|NBA Jam | for Nintendo Wii | Rated E for Everyone | Developed by EA Canada | Published by EA Sports|
Maybe NBA Jam
wasn't the best game of all time, but when it appeared in arcades back in 1993, it acquired a pop-culture cachet that most games couldn't dream of. Say one of its catchphrases today, like "He's on fire!", or "Boomshakalaka," and you'll likely get an approving nod. So it's no surprise that the newest NBA Jam
, for the Nintendo Wii, doesn't attempt to update the game beyond the visuals. Like a lot of arcade remakes, this is a faithful re-creation of a classic, perfectly suited to the bargain-priced downloadable market —
No, wait a minute. I'm receiving some late-breaking news. It turns out that NBA Jam is a full retail product. EA is charging $50 for this. Hmmm.
Okay, it's still a lot of fun. It pits real players from real NBA teams in games of two-on-two hoops. Not exactly street ball — the games all take place on a pro court, with thousands of fans — but nonetheless a cartoon version of the sport. Strategy? No sir. Foul shots? Forget about it. (You can, however, be whistled for goaltending. And you will be. A lot.) Instead, it's all about racing from one end of the court to another and trying to throw down earth-shattering dunks.
Because this is a Wii game, mandatory motion controls have been included — with mixed results. To shoot, you wave the Wii Remote up in the air to start your shot and then back down to release the ball. To block, you use the same motion, bringing the Remote down to swat at the ball. These work well enough, but they lack the precision you get from a button press. Fortunately, the game supports the Wii's Classic Controller, which solves the problem.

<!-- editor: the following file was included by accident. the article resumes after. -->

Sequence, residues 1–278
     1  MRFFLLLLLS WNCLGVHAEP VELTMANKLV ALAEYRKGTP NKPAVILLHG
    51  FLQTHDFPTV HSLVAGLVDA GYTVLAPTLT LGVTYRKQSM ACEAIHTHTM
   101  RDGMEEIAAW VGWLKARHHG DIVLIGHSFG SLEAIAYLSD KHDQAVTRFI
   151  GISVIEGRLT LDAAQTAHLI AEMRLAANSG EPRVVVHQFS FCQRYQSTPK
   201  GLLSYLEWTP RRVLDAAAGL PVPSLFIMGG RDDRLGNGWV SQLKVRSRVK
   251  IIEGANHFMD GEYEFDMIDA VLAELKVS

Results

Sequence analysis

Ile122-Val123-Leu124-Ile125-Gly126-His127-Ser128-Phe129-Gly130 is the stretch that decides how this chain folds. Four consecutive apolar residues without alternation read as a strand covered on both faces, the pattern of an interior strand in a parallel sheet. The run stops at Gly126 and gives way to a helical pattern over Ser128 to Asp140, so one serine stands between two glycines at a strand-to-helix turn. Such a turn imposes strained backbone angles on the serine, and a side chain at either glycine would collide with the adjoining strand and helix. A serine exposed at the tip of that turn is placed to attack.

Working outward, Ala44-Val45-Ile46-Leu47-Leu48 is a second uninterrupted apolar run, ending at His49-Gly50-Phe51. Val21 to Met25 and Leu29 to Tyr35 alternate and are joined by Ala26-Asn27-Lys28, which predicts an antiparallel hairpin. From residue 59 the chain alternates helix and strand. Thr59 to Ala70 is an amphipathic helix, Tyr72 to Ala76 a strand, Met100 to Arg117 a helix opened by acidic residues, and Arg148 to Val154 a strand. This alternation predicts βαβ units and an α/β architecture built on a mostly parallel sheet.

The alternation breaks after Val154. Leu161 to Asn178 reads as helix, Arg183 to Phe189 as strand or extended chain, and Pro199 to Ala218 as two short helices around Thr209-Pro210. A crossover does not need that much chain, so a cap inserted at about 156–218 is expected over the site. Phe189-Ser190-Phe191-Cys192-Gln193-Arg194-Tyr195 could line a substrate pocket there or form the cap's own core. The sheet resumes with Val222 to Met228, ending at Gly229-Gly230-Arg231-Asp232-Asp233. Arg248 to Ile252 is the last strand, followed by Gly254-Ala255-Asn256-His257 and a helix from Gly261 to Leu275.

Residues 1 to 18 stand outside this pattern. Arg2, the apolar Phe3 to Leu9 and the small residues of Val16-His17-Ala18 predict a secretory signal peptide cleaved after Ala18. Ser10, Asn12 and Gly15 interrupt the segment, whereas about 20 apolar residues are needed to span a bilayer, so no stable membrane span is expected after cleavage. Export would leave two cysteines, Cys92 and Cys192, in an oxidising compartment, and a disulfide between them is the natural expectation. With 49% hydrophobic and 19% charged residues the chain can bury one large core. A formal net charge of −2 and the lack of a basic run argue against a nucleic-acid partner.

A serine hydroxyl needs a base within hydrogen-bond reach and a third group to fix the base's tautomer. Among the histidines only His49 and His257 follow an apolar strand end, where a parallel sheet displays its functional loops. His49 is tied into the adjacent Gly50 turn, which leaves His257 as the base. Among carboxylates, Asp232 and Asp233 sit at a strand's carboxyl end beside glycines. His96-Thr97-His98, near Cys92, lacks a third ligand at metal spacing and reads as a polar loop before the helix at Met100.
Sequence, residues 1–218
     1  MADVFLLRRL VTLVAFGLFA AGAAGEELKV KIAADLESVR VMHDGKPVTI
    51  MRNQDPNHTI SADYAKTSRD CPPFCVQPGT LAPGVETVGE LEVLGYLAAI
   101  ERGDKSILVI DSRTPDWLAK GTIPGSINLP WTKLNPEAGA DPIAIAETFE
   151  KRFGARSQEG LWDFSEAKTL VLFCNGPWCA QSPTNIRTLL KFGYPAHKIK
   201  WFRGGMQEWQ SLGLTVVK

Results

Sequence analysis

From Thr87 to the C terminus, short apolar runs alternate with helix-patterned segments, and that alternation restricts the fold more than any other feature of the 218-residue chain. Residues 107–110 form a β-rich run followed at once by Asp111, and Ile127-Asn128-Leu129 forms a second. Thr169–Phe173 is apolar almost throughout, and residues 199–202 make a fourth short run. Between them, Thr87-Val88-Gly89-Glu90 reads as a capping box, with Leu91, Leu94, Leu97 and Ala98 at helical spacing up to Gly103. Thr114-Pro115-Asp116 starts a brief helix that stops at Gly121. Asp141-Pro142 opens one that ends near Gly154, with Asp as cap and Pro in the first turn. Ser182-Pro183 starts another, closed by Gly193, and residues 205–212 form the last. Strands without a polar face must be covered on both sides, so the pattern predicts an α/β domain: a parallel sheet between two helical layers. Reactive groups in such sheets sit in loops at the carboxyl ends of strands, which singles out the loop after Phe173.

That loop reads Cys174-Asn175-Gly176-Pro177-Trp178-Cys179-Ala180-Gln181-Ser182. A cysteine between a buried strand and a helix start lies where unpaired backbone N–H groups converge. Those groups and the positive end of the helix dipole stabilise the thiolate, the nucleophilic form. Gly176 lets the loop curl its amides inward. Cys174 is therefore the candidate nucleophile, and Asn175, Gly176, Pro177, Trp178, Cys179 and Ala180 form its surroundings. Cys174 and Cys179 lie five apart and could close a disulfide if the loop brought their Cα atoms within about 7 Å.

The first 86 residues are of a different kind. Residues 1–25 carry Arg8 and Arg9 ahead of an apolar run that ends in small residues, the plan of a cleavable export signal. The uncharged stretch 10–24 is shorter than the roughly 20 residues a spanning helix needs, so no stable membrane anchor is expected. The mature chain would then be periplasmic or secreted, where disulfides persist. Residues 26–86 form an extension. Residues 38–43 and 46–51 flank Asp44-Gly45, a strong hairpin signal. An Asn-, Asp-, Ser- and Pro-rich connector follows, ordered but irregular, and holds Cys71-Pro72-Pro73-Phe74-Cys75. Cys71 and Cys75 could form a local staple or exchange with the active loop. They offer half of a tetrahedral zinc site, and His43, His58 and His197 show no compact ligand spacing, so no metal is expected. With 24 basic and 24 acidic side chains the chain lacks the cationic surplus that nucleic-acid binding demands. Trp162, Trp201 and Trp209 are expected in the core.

Otherwise, it's almost eerie in its fidelity to the original. I haven't touched an NBA Jam game since the Sega Genesis was my console of choice, but if not for the updated graphics, I might not have been able to tell the difference. Player movement is quick and responsive, the timing on shot blocking is intuitive without being easy, and cutting toward the basket for a monster jam still requires the right touch. The game also continues the proud tradition of computer-controlled opponents who are pushovers till the last quarter, when they suddenly become all-stars. You wanted NBA Jam, you got NBA Jam.
Only the visuals are a little strange. EA went with photorealistic representations of the players' faces. And "big head" mode is just frightening.
So, bottom line: is it worth the money? Another terrific arcade remake, Hydro Thunder Hurricane, came out for Xbox Live Arcade this summer for about $15. A new Crazy Taxi is coming for XBLA and PlayStation Network next month, for only $10. The market has spoken.
Sure, you can point to NBA Jam's unlockable players — who include classic NBA stars and such hilarious guests as President Obama — and different game modes (boss battles against NBA legends!), but ultimately this one feels no deeper than the arcade game that used to lure players in one quarter at a time. And it lacks online multi-player! No, wait till the price is right.